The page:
Okay so I’m Asian and I love food, but that doesn’t mean I’m an expert on all Asian food. Of all the variety of Asian cuisine out there, I undoubtedly have strong opinions about Chinese food and Vietnamese food because that’s my heritage and that’s what I’ve been eating all my life. What I don’t know much about is Korean and Japanese cuisine. So when it comes to trying new Asian restaurants, it’s those that I’m going to go for because I want to continue broadening my experiences with each. Being in Atlanta, I have plenty to choose from! Last week I tried Yet Tuh, a small little spot off of Buford Highway. Thanks Instagram!
We got there extremely early so the place was completely empty. Its location is definitely off the beaten path but it’s well worth the trip. Again, I remind you that I know nothing about what good Korean food is supposed to be like. But I very much enjoyed most aspects of this dinner. It was tough to only be a two-person party because of how many items we ordered (we just had to try them), but that made for plenty of leftovers to carry me through the week. Of all the dishes, my favorite was
Per Shellane‘s glowing recommendation of Le Petit Marche, I made it a personal mission to visit this cute little Kirkwood spot. I don’t visit the Kirkwood neighborhood nearly as much as I should, as evidenced by the fact that I had never been to this adorable cafe. Walking up to it (especially on a bright sunny day) immediately put me into a good mood and walking into the front door, my happiness level continued to skyrocket.
Their menu provides a plethora of sandwich options plus breakfast all day every day! They were definitely after my heart (and obviously, my empty stomach). Thankfully I had a lovely date for lunch, my ex-coworker Katie, who was willing to split everything with me. She’s easy on the eyes too:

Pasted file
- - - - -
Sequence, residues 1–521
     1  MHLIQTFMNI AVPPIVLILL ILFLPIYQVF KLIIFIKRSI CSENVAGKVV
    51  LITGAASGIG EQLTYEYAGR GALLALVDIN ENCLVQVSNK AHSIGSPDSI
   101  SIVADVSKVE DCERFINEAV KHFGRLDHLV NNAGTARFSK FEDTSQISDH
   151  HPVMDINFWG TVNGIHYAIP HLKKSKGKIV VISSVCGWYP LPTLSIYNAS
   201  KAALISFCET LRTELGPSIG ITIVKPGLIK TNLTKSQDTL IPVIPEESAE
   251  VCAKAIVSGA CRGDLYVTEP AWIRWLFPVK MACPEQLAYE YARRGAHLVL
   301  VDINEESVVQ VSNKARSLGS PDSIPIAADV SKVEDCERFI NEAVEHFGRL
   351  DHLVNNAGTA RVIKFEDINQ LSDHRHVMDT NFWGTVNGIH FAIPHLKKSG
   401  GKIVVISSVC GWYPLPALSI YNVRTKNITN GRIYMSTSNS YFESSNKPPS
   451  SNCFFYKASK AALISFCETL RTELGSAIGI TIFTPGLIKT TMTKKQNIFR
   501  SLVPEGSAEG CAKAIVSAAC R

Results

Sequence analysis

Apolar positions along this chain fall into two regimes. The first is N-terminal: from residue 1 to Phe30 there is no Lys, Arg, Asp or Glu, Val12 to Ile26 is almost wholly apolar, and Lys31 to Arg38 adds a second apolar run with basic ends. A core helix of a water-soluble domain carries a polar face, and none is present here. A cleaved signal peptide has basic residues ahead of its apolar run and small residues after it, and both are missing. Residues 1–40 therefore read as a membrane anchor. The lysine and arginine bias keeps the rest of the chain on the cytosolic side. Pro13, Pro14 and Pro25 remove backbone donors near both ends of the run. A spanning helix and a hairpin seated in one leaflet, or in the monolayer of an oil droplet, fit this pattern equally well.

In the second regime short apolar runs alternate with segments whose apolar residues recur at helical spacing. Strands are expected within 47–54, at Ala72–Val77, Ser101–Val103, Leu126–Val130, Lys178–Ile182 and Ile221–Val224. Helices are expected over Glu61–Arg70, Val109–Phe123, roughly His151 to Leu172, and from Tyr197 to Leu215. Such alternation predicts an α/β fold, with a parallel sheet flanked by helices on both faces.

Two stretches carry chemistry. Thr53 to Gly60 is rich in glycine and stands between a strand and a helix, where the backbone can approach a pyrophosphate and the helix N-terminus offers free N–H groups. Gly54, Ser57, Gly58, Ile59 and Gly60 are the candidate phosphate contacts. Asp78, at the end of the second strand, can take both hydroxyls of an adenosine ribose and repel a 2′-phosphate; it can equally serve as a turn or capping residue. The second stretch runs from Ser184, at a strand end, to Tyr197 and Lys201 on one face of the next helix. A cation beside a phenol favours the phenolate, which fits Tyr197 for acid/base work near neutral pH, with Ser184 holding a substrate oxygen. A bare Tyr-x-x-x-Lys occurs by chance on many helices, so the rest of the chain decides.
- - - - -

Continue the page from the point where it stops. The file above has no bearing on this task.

As if these ridiculously tempting pictures were not enough, I have to tell you that Olio served up one of the best lunches I’ve ever had. Sitting in their carefully converted oil service station, listening to Nancy Sinatra spin on their record player, I knew I was about to experience something special.
Though we only selected a few side plates to share, it was enough to convince me that these guys know exactly what they are doing. We began our stay with a bottle of Bordatto “Basa Jaun”, a cider unlike any other I’ve ever had. It had the satisfying carbonated crisp I crave, along with a lingering smoky finish that I didn’t know could exist in a cider. Filling my mouth with a sense of the forest, it set a lovely stage for all the lovely fresh ingredients I was about to nibble on.
Just thinking about it is making me want to go back! It’s so difficult for me to accurately describe how delicious it is. Well-balanced, but always peppered with a little surprise, their plates felt as exotic as they were comforting. I didn’t take pictures of every single plate (since I didn’t want to be a dick), but I guarantee you they were all worth remembering.
It’s pretty evident that I love photography, food, and art (I mean, duh). When the three converge, whether it be through a unique dining experience or a styled shoot, it’s pretty much heaven. Gabriele Galimberti‘s photography project entitled Delicatessen With Love pays homage to the original essence and purpose of a meal – providing nourishment.
Though a simple premise, these humble portraits are mesmerizing in their sincerity and faithfulness to tradition. These matriarchs present their signature dishes, a physical manifestation of the care they provide for their families. The dishes themselves also act as portraits, imbued with love, pride, and a connection to cultural heritage.